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Clip on wireless mics


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I have recently taken over a drama department and we have our musical coming up. I need to mic 5 students with the usual school production budget (or lack of) and have no idea where to start.


Is anyone able to offer any advice as to what I need in order to support the 5 soloists?


Any advice would be greatfully received.


Thank you

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Hi, sounds like you need to hire 5 radio microphones... when you say lack of budget do you actually have nothing if so your going to find it really difficult to get anything because hire companies arent in the game of giving stuff away for free. couple of questions:


what kind of show is it?

is there a lot of movement?

do you have someone who knows about mics who will be able to set them up and monitor them during the performance?

where in the country are you?



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Have a detailed read through of the script, and see if you can get away with less than five radio mics. Obviously, if all the soloists are on stage at the same time, you have no option. But if they each have a song, or maybe two of them doing a dialogue, you could swap mics between cast members during the scene changes.


The big advantage is that you save on mic hire, the drawback is that you need to be quite slick with the changeovers. What we sometimes do in these situations is give out multiple headsets, so that the headset can stay on each cast member, and only the beltpack transmitter is moved.


Even if you could get the total down to four, that would be a result. Radio mics tend to be supplied in multiples of four, so you're more likely to get a set of four systems, with aerial distribution etc., in a neat package.


The other thing worth mentioning is that "school show season" is amongst the busiest times of the year for radio mic hires. Don't expect to be able to negotiate much discount...

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Echoing what's been said before - if its only the solo they need to be mic'd for and they come off stage between solos then mic changeovers are the way to go, you might even be able to get away with just one system.


If you were to update your profile with some location details the members here might be able to help you out with possible stockists - although you won't be getting quality kit for free!

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This is a topic one could write about in great length; indeed it has been already although finding useful nuggets on this forum isn't always easy.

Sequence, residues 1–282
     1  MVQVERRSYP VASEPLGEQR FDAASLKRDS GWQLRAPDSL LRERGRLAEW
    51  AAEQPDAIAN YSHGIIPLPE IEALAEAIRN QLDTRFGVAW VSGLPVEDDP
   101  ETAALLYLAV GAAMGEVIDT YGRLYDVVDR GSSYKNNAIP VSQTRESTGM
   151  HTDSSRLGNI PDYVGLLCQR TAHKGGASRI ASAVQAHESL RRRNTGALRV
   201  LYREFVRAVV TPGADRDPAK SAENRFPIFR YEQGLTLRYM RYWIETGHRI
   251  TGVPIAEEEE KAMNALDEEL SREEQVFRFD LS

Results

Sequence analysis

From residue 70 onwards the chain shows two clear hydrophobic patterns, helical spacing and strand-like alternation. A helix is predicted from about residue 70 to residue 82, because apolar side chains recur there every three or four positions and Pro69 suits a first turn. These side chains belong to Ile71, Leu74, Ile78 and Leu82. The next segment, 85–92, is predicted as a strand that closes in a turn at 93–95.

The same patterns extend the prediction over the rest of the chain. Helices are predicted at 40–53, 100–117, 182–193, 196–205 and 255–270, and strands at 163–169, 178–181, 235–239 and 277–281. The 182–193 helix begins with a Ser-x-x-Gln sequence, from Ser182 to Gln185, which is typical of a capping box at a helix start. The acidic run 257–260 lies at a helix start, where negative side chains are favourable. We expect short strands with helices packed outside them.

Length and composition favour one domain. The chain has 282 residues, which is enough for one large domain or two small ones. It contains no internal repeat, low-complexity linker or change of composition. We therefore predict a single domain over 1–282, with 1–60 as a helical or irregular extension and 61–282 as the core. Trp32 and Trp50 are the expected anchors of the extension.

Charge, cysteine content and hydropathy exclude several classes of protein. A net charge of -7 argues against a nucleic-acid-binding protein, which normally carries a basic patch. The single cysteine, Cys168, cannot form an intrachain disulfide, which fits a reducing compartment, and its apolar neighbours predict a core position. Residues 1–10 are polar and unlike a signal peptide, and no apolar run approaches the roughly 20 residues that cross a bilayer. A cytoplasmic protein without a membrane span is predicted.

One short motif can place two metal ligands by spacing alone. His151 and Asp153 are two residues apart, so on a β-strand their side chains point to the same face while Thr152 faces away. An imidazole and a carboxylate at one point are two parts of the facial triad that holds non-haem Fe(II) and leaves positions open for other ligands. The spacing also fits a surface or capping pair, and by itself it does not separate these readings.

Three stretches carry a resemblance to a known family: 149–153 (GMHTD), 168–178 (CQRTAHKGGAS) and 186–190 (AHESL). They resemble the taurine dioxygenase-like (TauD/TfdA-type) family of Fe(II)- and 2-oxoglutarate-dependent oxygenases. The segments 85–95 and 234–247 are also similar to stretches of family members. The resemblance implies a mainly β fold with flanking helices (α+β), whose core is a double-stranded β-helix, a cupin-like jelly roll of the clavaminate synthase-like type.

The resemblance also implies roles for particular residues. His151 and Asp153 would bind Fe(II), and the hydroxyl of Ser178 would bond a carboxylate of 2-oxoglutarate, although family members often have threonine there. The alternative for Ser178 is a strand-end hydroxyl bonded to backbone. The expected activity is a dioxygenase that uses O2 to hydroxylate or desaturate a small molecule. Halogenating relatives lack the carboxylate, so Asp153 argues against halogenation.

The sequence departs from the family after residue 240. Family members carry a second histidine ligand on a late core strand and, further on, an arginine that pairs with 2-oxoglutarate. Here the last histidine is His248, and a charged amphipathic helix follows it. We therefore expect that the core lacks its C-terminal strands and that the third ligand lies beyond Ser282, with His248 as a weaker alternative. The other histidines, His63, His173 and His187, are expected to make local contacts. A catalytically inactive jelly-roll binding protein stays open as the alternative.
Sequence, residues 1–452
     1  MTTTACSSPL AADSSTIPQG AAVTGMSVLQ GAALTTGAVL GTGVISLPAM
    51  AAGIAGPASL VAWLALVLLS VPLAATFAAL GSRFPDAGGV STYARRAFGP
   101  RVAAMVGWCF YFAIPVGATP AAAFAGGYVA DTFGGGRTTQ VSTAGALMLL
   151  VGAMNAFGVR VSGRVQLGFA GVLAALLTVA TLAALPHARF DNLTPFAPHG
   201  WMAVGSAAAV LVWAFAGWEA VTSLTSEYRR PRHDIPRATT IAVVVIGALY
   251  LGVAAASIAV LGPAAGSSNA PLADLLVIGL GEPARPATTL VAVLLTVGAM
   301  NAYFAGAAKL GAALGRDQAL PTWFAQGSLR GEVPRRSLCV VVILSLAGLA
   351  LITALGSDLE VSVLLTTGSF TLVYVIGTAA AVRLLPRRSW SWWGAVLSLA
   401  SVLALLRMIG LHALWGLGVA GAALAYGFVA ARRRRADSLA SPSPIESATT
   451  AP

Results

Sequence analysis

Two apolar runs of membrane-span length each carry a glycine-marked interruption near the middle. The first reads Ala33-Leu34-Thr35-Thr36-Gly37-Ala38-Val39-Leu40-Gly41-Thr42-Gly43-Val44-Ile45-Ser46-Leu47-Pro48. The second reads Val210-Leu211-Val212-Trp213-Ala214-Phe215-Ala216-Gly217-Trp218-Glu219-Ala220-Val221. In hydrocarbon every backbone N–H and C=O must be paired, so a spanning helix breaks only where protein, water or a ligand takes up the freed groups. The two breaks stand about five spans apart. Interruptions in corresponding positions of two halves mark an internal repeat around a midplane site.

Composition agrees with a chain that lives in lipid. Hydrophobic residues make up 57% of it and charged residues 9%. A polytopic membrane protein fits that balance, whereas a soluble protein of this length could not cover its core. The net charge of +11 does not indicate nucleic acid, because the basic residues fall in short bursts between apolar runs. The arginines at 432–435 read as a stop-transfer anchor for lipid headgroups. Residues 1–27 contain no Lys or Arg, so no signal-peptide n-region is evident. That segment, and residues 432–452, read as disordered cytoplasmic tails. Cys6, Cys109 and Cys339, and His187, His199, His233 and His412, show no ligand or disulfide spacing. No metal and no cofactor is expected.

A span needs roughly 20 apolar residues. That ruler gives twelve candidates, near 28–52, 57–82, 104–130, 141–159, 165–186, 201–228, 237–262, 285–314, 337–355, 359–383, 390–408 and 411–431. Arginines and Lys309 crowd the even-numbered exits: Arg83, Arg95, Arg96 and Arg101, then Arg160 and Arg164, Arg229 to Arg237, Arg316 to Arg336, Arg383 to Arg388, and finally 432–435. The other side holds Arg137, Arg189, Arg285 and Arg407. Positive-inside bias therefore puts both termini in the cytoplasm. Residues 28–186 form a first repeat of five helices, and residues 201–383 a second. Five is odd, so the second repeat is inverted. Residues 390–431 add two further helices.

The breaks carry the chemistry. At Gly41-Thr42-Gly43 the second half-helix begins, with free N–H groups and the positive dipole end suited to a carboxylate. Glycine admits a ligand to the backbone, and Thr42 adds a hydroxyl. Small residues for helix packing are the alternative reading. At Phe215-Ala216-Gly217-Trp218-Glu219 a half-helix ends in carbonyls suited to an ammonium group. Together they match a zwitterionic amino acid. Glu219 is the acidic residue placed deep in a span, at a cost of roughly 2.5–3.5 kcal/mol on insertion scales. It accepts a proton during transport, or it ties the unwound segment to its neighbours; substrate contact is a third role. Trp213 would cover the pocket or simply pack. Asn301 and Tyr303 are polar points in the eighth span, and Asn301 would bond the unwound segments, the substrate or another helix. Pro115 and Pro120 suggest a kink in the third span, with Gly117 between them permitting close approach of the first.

The first thing I would suggest is to not consider "clip on" mics. I imagine you're referring to tie-clip style mics which are of little use in a theatre setting. Whilst the traditional approach is mics hidden in the hairline, this isn't always quick and easy to do so I generally suggest discreet headset mics. They're very quick to fit and by virtue of their proximity to the mouth, will pick up a good signal even on quieter singers.


Using radio mics is never a set & forget operation. You need an attentive operator on the mixer to balance levels and mute when required. Don't ask the cast to switch their own packs on & off - some schools try this approach - it never works. If swaps are feasible, plan these fully in advance and ensure everyone knows the drill. Some form of communication between backstage and the person on the mixer out front is useful in case someone ends up with the wrong mic or anything else goes awry.


You can expect to pay somewhere in the region of £50 per mic per week if that helps with your budgeting. Don't go for cheap & nasty systems - good radio mics are expensive for a reason. Cheap ones will just cause you headaches by sounding awful, picking up interference, feeding back easily, cutting out and so on. Most hire companies will stock Sennheiser G2 or G3 systems - they strike a very good balance between price & quality so are very popular. Don't skimp on batteries; use decent alkalines (never zinc carbon) and put in a fresh set for each show. Many systems will last for two shows but unless someone is really on top of switching all the packs on & off at the start & end of the show, it's just not worth the risk of them running out half way through.


It's also worth mentioning that the mics are only one part of the sound reinforcement system. Even if you have the best mics in the world, if the speakers are poorly placed or are of particularly low quality, the results won't be good. For example, it's not unusual for drama spaces in schools to have speakers mounted in the corners of the room - OK for playback but of little use for microphones.


Feel free to come back with any more specific questions and as others have suggested, if you fill out your profile with your location, we may be able to recommend hire companies nearby.

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